The score of the film is done by Michael Giacchino (who won an Original Score Oscar for “Up”), and he does every scene masterfully. He puts his own little spin on the John Williams classic theme, and every time it starts playing you’ll get goosebumps and be filled with nostalgia.

Trevorrow does a great job directing, too, and just like Giacchino he strikes the perfect balance between the classic style of the first film while still giving it his own touch. When Trevorrow was named director of the film a few years back, many scratched their heads. His only directorial experience was the indie film “Safety Not Guaranteed,” which was about magazine writers covering a guy who wants to create time travel; doesn’t exactly scream “give this guy $150 million to create a dinosaur adventure!”.

But Trevorrow masters the intense scenes, and builds up a shroud of mystery surrounding the hybrid dinosaur, by only giving us small glances for the first third of the film. His camera movements are smooth and the climax is as entertaining and satisfying as anything you’ll see at the movies this year.

Chris Pratt continues to impress and show why he’s Hollywood’s next leading man. Gone are the days of him being the funny fat sidekick; Pratt, just like in last year’s “Guardians of the Galaxy,” is a rugged, sarcastic cool Joe that all the guys want to be and all the girls wanna be with. I mean, the dude trains raptors. You should be reaching into your pocket to give the film your money based on that sentence alone.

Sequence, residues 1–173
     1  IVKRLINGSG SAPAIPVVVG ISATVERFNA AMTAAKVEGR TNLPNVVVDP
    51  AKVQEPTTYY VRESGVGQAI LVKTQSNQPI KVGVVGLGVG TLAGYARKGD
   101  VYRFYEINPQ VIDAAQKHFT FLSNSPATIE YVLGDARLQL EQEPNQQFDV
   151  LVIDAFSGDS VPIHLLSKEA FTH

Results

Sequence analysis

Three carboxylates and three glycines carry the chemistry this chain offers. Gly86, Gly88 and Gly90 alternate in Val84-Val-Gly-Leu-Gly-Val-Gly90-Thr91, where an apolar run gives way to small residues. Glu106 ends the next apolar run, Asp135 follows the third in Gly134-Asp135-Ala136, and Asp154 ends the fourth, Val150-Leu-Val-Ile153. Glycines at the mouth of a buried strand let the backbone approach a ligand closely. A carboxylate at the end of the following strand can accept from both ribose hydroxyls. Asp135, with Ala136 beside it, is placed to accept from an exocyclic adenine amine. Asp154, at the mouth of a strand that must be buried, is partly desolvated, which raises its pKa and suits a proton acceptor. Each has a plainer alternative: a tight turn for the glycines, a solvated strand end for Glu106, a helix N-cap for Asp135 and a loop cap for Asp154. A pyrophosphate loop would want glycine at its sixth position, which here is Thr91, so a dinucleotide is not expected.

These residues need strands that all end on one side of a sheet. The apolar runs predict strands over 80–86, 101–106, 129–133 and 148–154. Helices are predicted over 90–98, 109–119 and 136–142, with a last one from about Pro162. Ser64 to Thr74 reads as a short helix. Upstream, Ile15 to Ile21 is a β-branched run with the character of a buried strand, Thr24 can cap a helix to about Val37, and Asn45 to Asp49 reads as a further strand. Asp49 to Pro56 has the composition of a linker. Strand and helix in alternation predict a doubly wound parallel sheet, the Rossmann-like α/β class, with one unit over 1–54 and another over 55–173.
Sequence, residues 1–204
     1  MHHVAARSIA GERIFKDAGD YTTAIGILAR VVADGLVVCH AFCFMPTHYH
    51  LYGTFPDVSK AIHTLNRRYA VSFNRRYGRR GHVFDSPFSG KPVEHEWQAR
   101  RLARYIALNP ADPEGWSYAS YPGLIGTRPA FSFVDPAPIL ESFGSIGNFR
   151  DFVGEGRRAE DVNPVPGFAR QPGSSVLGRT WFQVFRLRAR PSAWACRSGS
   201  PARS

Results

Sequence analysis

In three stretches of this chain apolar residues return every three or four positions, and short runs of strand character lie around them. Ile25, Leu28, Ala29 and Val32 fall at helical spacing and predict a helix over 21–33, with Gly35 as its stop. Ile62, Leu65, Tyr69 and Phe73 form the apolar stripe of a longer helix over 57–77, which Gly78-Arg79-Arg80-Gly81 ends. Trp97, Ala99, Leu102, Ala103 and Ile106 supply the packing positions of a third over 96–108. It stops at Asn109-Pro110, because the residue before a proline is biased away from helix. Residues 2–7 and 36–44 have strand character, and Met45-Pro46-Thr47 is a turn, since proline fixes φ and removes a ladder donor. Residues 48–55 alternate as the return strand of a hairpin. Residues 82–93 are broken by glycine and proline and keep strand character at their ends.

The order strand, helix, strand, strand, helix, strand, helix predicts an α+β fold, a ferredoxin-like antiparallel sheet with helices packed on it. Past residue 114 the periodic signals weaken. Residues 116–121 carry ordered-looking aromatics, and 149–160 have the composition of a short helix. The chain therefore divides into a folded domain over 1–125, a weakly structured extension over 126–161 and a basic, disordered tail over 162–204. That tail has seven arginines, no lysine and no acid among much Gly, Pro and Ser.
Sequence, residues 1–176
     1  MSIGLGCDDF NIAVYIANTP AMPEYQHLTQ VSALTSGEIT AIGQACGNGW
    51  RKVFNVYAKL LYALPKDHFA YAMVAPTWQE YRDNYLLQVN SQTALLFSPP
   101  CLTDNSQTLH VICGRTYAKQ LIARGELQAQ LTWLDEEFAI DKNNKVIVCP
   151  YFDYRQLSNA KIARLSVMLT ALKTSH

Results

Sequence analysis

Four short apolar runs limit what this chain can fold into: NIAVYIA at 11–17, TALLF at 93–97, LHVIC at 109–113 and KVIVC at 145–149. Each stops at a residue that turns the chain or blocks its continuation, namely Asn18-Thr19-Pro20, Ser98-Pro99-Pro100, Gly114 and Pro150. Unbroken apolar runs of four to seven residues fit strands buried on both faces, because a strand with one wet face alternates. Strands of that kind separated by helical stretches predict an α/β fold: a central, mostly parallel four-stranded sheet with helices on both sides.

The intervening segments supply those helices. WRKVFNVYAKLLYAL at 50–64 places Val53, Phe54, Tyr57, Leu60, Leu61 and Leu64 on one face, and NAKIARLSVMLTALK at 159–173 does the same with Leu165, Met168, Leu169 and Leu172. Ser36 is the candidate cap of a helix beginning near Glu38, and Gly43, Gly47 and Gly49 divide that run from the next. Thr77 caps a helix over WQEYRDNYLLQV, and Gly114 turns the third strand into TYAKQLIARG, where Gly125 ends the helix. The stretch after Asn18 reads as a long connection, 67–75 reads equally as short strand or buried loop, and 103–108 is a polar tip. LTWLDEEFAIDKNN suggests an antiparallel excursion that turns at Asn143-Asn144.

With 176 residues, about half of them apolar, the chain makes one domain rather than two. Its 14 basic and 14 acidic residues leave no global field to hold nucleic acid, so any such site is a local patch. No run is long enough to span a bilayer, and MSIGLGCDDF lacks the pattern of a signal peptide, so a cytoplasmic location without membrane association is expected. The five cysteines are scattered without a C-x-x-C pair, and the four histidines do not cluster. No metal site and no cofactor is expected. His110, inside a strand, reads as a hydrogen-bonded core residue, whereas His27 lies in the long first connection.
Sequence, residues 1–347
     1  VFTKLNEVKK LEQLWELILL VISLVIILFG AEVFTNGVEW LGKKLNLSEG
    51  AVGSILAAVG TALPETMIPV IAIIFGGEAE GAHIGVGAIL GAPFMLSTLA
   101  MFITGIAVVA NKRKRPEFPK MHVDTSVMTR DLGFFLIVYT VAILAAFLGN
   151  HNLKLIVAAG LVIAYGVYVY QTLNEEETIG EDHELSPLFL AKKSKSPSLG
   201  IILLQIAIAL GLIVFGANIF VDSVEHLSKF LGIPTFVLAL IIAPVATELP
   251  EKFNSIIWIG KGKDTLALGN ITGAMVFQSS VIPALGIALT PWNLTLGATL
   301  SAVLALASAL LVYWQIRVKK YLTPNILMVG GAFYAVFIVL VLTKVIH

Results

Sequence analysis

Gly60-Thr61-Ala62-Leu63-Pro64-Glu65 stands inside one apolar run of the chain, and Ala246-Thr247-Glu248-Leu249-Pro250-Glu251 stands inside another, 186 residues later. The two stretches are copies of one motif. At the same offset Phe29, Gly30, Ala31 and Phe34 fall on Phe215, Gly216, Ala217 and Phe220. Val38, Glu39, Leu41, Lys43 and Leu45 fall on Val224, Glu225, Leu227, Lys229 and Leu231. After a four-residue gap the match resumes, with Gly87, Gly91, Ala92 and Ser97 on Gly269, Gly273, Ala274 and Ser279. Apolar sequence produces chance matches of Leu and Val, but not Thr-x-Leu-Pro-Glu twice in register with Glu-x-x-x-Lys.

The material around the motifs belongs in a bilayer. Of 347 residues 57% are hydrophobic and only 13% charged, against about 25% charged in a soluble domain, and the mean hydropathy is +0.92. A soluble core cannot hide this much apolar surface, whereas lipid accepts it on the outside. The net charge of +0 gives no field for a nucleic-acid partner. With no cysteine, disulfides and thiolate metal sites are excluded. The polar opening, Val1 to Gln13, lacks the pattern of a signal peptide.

The film’s biggest problems aren’t really problems, just gripes that took me out of the moment for a second. For example, the whole film is based around the idea that attendance to the park is declining because people aren’t interested in seeing dinosaurs anymore. I find that hard to believe, seeing as zoo’s have been around for 150 years and remain huge attractions, and they aren’t filled with creatures that went extinct 65 million years ago. [shrugs] Just saying…

When you get right down to it, though, this is the perfect summer movie. It has a charismatic star, features amazing music and visuals, and is immensely entertaining throughout. “Jurassic World” captured my childhood fantasies and made me feel like a kid again, and I don’t know of too many movies that have been able to do that.

Critics Rating: 9/10